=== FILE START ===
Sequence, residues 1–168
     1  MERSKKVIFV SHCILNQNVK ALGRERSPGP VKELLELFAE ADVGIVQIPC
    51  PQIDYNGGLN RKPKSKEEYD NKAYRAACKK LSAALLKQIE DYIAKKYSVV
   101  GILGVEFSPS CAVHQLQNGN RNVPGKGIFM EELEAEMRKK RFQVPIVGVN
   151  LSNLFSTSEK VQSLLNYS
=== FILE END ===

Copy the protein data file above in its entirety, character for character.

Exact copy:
Sequence, residues 1–168
     1  MERSKKVIFV SHCILNQNVK ALGRERSPGP VKELLELFAE ADVGIVQIPC
    51  PQIDYNGGLN RKPKSKEEYD NKAYRAACKK LSAALLKQIE DYIAKKYSVV
   101  GILGVEFSPS CAVHQLQNGN RNVPGKGIFM EELEAEMRKK RFQVPIVGVN
   151  LSNLFSTSEK VQSLLNYS